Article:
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National Eggnog Day

Eggnog, also known as egg nog or egg-nog, and milk punch or egg milk punch when alcohol is added, is usually made with milk, cream, sugar, and whipped eggs. It can be homemade or purchased at the store, and distilled spirits such as rum, brandy, whiskey, and bourbon are often added. Homemade recipes vary, and since they often use raw eggs, there is a concern that the eggs may contain salmonella, which may lead to food poisoning. The commercial variety usually contains less cream and eggs than the homemade version, and thickeners such as gelatin are used instead. Eggnog is often topped with cinnamon and nutmeg, and is sometimes topped with whipped cream, chocolate shavings, or a vanilla pod. It is popular in the United States during the Christmas season—from Thanksgiving until the new year, and is usually served cold, but can be served warm. It can also be added to other drinks such as coffee.

The history of eggnog is debated, but the drink seems have come from a British drink called posset, which was popular from medieval times until the nineteenth century. It consisted of hot milk with wine or ale, and eggs were sometimes added. The drink that would come to be called eggnog also was invented in Britain. As it used expensive ingredients, it was popular with the rich, and they often used the drink in toasts. Eggnog came to the American colonies in the eighteenth century, and this is where it gained its name as well. The word "nog" was first used in 1693 in England, to describe a strong beer. "Noggin" was a small carved wooden mug that was used in England. One theory says that the drink gained the name "eggnog" in colonial America after a nickname for rum, "grog," was combined with the name of the mugs it was served in—noggin mugs—to create "egg-n-grog," and then eggnog. Another theory is that the name stemmed from nugged ale—which was a term for an ale warmed with a hot poker.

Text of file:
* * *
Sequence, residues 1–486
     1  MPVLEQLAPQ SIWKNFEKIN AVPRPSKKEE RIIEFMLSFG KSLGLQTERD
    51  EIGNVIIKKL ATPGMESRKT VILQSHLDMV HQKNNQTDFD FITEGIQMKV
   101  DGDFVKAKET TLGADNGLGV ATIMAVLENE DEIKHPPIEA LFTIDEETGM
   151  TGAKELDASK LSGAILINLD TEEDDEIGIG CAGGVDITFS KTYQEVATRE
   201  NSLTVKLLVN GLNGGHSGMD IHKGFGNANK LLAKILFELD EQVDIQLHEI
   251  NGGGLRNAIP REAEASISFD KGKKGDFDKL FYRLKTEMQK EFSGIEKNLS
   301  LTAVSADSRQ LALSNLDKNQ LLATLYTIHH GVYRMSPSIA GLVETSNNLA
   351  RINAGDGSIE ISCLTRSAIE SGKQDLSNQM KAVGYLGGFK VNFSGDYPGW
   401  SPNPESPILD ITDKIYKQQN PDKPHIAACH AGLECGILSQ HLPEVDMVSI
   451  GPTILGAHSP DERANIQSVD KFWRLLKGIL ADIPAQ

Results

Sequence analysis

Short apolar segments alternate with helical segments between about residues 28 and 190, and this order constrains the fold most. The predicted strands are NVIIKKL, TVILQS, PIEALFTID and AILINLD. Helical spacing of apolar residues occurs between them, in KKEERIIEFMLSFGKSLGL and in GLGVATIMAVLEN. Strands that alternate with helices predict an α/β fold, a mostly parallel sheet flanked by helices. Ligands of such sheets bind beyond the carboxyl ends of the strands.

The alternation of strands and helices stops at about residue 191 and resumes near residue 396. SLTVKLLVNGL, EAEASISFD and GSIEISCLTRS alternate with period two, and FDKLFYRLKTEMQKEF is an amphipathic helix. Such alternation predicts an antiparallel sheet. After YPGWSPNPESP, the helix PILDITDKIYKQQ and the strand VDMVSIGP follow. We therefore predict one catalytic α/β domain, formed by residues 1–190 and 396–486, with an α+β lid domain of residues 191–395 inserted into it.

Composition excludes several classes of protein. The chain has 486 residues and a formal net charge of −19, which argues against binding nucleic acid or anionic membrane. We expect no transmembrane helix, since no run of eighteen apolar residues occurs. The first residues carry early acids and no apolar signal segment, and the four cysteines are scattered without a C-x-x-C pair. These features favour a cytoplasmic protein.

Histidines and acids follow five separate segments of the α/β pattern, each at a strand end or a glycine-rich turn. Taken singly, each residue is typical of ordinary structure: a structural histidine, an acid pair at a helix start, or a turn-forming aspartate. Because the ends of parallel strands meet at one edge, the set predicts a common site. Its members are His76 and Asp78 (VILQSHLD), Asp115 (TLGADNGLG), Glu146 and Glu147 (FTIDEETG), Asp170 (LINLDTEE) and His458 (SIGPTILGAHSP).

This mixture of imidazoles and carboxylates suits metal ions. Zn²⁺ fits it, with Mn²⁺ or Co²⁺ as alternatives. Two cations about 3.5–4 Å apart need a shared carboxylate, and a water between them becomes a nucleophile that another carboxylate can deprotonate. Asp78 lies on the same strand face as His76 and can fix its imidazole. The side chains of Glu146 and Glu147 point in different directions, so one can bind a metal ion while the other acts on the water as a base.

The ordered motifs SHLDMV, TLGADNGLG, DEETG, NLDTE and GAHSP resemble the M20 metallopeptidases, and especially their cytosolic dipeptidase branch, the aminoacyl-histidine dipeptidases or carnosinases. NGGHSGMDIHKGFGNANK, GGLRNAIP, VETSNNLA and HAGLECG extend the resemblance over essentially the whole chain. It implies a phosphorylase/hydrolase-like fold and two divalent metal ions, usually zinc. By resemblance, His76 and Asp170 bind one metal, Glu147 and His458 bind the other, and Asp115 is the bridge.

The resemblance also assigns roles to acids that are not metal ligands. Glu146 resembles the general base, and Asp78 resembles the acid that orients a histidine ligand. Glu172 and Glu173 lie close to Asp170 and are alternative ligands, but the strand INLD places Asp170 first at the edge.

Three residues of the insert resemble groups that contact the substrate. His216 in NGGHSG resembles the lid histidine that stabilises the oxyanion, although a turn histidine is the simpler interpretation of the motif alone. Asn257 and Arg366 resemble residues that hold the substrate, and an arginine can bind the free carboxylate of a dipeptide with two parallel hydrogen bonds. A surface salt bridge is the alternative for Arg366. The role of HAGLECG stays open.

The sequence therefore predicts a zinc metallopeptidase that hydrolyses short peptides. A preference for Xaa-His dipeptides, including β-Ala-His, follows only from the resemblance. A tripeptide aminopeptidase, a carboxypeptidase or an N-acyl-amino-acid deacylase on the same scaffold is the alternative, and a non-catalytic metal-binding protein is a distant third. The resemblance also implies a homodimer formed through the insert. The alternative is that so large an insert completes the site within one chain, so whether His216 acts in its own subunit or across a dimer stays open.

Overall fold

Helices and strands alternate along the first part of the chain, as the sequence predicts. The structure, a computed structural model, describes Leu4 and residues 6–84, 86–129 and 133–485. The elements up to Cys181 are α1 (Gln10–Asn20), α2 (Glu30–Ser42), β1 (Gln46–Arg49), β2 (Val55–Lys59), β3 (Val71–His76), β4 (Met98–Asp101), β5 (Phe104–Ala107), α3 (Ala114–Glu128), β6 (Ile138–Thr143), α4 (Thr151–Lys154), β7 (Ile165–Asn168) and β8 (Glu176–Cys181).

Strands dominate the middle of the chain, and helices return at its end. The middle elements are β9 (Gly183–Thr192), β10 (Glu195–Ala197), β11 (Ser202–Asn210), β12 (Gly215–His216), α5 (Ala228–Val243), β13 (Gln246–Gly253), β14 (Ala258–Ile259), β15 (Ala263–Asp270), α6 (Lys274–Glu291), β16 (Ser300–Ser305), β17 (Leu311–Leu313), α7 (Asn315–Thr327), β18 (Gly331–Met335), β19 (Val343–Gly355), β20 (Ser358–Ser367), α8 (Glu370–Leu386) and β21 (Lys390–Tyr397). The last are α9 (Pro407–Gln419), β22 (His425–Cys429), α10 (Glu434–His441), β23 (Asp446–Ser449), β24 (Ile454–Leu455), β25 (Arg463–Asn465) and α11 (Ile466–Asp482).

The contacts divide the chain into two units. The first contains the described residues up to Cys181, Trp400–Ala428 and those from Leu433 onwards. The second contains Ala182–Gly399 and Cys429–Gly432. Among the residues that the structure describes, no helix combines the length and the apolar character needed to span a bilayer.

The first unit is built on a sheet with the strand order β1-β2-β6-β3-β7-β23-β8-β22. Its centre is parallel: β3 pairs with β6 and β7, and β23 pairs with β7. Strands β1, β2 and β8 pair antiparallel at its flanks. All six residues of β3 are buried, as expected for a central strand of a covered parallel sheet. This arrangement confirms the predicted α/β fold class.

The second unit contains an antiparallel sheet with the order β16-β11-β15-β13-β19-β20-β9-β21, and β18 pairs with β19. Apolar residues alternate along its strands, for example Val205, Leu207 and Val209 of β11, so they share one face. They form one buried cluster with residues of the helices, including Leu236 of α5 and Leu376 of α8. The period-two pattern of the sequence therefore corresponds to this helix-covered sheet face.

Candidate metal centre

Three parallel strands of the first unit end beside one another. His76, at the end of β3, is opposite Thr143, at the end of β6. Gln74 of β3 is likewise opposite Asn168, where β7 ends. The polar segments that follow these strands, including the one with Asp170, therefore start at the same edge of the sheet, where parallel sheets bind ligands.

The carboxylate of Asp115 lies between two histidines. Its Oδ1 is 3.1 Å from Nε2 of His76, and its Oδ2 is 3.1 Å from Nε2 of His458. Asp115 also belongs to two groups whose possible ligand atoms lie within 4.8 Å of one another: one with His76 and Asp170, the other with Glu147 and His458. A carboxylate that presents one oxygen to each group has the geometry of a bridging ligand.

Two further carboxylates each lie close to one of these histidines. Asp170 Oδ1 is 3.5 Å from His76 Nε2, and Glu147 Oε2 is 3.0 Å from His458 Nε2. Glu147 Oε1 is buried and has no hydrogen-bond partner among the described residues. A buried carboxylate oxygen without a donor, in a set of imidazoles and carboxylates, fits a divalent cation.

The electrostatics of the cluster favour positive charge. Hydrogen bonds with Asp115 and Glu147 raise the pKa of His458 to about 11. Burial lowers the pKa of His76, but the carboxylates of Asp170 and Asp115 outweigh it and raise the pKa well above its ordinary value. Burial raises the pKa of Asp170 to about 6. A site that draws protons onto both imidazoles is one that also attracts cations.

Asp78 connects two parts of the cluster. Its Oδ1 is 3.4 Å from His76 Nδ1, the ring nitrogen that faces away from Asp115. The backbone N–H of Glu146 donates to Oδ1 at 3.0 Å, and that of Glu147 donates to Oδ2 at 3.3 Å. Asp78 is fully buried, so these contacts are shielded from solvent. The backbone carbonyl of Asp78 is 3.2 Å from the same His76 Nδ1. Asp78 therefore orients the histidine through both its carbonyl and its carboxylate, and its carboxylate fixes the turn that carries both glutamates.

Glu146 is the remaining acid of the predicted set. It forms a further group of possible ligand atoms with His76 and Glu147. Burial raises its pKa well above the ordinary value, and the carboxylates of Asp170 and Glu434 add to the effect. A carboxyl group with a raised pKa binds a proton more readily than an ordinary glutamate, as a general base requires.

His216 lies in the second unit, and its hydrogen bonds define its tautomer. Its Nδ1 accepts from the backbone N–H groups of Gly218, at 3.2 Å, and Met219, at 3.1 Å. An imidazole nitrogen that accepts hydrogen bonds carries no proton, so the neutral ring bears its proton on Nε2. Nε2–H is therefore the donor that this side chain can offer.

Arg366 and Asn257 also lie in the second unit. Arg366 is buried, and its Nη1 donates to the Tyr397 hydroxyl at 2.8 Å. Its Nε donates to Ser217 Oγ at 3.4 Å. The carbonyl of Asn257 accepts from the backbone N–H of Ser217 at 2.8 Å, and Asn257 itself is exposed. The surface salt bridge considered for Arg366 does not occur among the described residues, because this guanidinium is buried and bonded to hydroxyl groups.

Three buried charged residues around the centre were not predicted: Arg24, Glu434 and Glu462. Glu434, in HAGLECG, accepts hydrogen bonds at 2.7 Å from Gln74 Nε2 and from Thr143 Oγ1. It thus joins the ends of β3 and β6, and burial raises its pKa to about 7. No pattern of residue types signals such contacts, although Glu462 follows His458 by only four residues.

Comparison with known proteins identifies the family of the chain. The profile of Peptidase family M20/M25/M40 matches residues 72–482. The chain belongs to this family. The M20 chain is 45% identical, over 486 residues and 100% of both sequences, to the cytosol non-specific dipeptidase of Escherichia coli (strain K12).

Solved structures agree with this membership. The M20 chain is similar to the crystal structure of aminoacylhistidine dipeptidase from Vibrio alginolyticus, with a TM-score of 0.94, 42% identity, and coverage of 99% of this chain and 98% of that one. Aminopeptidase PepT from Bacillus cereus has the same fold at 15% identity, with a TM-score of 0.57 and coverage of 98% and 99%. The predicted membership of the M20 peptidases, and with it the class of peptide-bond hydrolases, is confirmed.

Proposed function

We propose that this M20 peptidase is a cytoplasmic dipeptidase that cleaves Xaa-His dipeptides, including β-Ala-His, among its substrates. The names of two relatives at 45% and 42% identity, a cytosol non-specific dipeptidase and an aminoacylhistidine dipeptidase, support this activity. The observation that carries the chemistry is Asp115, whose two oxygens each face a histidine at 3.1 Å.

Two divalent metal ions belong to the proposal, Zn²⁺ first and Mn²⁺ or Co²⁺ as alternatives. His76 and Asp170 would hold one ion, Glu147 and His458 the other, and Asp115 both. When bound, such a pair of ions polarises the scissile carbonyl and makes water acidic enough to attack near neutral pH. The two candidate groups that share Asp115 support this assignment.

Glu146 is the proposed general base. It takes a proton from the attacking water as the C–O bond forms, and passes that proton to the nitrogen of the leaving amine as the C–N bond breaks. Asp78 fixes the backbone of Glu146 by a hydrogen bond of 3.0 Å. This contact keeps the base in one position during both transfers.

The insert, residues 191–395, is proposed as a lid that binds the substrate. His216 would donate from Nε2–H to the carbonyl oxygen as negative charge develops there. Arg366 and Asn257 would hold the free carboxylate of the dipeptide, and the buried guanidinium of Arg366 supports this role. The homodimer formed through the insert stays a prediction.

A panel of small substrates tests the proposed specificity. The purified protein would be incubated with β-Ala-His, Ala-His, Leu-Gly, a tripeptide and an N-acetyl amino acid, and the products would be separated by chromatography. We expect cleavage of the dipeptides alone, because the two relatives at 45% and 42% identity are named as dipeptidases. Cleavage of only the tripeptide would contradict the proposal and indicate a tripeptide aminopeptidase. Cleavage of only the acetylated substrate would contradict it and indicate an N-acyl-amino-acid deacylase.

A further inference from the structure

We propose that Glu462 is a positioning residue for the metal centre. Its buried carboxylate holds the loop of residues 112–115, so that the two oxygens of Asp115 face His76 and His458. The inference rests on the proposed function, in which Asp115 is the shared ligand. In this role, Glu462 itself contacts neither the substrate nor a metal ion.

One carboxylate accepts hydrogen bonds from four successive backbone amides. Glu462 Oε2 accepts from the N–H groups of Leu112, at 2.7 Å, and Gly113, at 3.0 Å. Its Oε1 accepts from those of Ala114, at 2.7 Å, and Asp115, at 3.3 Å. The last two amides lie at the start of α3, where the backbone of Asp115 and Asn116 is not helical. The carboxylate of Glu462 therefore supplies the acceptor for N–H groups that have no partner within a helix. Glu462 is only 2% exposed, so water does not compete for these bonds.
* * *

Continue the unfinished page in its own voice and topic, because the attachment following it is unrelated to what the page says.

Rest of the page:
It was also during colonial times that eggnog began being associated with the Christmas season, and even George Washington served a variation of eggnog to visitors. Rum was originally the spirit of choice for the drink, as it could be gotten cheaply through the Triangular Trade with the Caribbean, while brandy and wine were heavily taxed. Because of this, and the abundance of dairy products, eggnog became very popular with colonists. After the Revolutionary War, the supply of rum was reduced, and newly free Americans turned to domestic whiskey, and then to bourbon in particular, to add to their eggnog. Sometimes moonshine was also used. Today, no matter if the drink has spirits in it or not, it is wildly popular during the Christmas season, which makes it fitting that National Eggnog Day takes place on Christmas Eve.

How to Observe National Eggnog Day

Celebrate the day by having some eggnog! Buy some at the store or make your own. If you are looking for an alcohol filled version, you could make legendary jazz musician Charles Mingus' recipe. An eggnog cocktail called Tom and Jerry was invented in the 1820s, and is a popular traditional Christmas drink that could also be made.

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